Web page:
Wrexham academics supporting revolutionary flat fibre project
Date: Tuesday, February 6, 2024
Wrexham University is supporting a £2.2million project, which will investigate how making optical fibre sensors ‘flat’, instead of circular, could transform the manufacturing of high value composite materials.
Prifysgol Wrecsam/Wrexham University is working alongside University of Southampton, who are the lead institution for the three-year project, as well as University of Bristol, University of Nottingham, University of Warwick and University of Herefordshire, with the aim of making composite manufacturing more efficient and sustainable.
Composites are produced by bringing together two or more materials such as plastic, carbon fibre, ceramics and glass, to produce properties which cannot be achieved by the individual components alone. They are widely used in aircraft, cars, boats, wind turbine blades and in structures such as bridges because they can be lighter, stronger and more durable than conventional materials.
Composites play a pivotal role in aircraft manufacturing, for example, by increasing performance and carbon efficiency, whilst providing opportunity to reduce costs.
However, manufacturers need to understand more about composites during their manufacturing stage, as well as how they perform throughout their lifetime. Sensors can provide these insights.
Flat fibre sensors fitting snugly inside composites have the potential to uniquely monitor whether the material is fit for purpose and will keep its strength while it is being used. They may even be able to feed into the manufacturing process to optimise the performance of the component and predict when it is likely to fail.
Dr Christopher Holmes, who is based at the Optoelectronics Research Centre (ORC) at the University of Southampton, is heading up the project.
Richard Day, Professor of Composites Engineering and Pro Vice Chancellor for Research at Wrexham University, who is leading on the Wrexham element of the project, said: “I am delighted to be part of this programme of research which has grown out of an initial short collaboration with the universities of Southampton, Bristol and ourselves.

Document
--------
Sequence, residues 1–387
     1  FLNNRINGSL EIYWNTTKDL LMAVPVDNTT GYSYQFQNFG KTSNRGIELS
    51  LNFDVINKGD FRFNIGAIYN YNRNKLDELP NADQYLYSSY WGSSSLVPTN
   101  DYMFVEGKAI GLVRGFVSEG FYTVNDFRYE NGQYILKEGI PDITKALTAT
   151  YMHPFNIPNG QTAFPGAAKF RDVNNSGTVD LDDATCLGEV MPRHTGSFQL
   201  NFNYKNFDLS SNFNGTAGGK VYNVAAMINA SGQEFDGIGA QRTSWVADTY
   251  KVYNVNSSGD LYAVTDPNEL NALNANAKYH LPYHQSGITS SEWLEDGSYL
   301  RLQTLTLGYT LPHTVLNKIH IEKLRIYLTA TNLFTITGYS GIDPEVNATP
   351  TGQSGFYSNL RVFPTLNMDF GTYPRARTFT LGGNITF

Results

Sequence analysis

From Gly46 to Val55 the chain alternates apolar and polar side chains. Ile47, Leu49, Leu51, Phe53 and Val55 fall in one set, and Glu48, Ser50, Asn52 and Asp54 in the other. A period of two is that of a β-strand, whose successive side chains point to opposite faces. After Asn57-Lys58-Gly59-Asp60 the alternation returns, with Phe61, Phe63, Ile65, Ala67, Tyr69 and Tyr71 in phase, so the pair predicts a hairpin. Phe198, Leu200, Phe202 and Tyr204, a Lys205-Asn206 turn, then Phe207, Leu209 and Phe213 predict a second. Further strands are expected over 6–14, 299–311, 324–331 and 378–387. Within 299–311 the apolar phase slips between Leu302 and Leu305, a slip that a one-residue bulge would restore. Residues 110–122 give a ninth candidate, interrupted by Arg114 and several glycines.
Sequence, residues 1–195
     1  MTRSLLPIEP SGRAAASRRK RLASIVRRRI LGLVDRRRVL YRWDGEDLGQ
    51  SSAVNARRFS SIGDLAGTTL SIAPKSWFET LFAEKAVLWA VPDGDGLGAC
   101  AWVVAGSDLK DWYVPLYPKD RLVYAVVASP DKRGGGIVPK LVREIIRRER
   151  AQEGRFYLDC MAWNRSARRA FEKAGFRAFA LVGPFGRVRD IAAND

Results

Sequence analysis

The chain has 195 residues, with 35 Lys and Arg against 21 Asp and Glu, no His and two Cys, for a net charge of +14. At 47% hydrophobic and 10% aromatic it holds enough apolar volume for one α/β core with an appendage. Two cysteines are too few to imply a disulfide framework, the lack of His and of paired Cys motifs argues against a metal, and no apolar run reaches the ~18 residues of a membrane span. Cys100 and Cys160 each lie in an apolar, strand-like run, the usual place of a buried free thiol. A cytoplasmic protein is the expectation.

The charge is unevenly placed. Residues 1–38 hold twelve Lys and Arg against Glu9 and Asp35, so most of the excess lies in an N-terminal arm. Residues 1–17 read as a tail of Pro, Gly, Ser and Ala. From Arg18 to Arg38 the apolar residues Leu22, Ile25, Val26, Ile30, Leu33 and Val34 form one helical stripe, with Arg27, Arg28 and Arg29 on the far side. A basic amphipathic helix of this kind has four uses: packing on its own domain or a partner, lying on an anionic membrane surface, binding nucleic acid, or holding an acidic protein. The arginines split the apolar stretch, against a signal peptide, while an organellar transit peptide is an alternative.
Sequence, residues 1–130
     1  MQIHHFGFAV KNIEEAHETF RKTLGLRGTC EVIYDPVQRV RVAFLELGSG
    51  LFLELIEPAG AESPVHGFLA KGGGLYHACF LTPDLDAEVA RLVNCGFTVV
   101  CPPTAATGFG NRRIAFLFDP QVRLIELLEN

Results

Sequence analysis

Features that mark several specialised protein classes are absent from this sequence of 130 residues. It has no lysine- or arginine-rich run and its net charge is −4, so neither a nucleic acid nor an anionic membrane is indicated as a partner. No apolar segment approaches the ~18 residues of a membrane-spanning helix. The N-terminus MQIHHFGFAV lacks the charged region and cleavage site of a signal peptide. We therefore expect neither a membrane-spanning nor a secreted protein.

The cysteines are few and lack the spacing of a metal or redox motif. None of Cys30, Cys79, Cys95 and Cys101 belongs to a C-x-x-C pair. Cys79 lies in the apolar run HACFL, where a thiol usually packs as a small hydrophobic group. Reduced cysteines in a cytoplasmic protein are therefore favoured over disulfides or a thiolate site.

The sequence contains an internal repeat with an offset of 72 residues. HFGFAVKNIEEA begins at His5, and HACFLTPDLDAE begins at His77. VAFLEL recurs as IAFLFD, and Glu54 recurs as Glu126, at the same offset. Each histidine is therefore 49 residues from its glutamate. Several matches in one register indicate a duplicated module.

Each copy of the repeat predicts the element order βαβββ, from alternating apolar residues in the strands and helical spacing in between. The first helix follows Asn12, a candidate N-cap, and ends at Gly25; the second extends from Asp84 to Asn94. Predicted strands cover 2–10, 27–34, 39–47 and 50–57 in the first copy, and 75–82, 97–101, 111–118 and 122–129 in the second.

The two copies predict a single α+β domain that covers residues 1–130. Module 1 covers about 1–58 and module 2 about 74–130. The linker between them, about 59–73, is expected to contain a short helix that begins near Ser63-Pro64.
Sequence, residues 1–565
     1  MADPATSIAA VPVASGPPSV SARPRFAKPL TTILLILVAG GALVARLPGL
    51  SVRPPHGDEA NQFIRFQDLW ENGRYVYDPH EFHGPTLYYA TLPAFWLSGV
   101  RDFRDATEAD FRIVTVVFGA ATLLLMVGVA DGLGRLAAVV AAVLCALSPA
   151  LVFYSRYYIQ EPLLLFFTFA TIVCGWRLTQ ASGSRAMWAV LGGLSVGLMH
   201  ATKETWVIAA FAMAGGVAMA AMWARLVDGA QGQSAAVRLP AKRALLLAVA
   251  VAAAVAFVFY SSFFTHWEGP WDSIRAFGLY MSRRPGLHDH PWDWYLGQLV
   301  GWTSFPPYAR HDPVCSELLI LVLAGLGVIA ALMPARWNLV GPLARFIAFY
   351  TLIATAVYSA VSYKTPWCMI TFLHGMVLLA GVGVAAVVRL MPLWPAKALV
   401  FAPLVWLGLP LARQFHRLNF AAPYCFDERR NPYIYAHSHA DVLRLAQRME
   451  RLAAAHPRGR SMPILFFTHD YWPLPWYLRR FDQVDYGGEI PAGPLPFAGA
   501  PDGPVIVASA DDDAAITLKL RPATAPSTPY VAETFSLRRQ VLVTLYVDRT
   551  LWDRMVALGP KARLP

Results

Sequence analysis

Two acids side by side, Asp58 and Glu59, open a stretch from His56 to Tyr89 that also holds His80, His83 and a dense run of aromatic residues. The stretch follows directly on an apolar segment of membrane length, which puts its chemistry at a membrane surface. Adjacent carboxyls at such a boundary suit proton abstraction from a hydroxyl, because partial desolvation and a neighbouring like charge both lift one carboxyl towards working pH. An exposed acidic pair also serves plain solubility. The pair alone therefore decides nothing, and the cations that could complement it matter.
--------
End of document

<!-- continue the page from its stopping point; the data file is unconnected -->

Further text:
“The ability to make and employ fibre optic sensors, which are capable of having directional sensing opens up huge areas of understanding in composites and beyond.
“For us, it is the ability to measure and control stresses in a microwave environment with a view to manufacturing large lightweight mirrors, which is key and will enable a new direction in our research with high potential impact.”
During the span of the project, the team at ORC will develop the flat fibre sensors in their Zepler cleanrooms – its state-of-the-art multidisciplinary centre for materials and device research in electronics, photonics and nanotechnology – in collaboration with manufacturing at the Bristol Composite Institute, University of Bristol.
Then researchers at Wrexham University, as well as Nottingham, Warwick and Herefordshire will go on to use the new sensors to develop case studies. aligned with industry partners.
Wrexham University academics will be utilising the facilities at the Advanced Composite Training and Development Centre, a state-of-the-art laboratory that enables such research.
Dr Holmes added: “The leverage of interdisciplinary expertise is fundamental if we are to successfully revolutionise composite material manufacture.
“The University of Southampton has fantastic cleanroom capabilities and a strong reputation in pioneering optical fibre fabrication and our colleagues have comprehensive knowledge of composites and their applications. Our joint research on flat fibre sensors could transform the ultimate performance of composite structures.”
The project is being funded by the Engineering and Physical Sciences Research Council (EPSRC).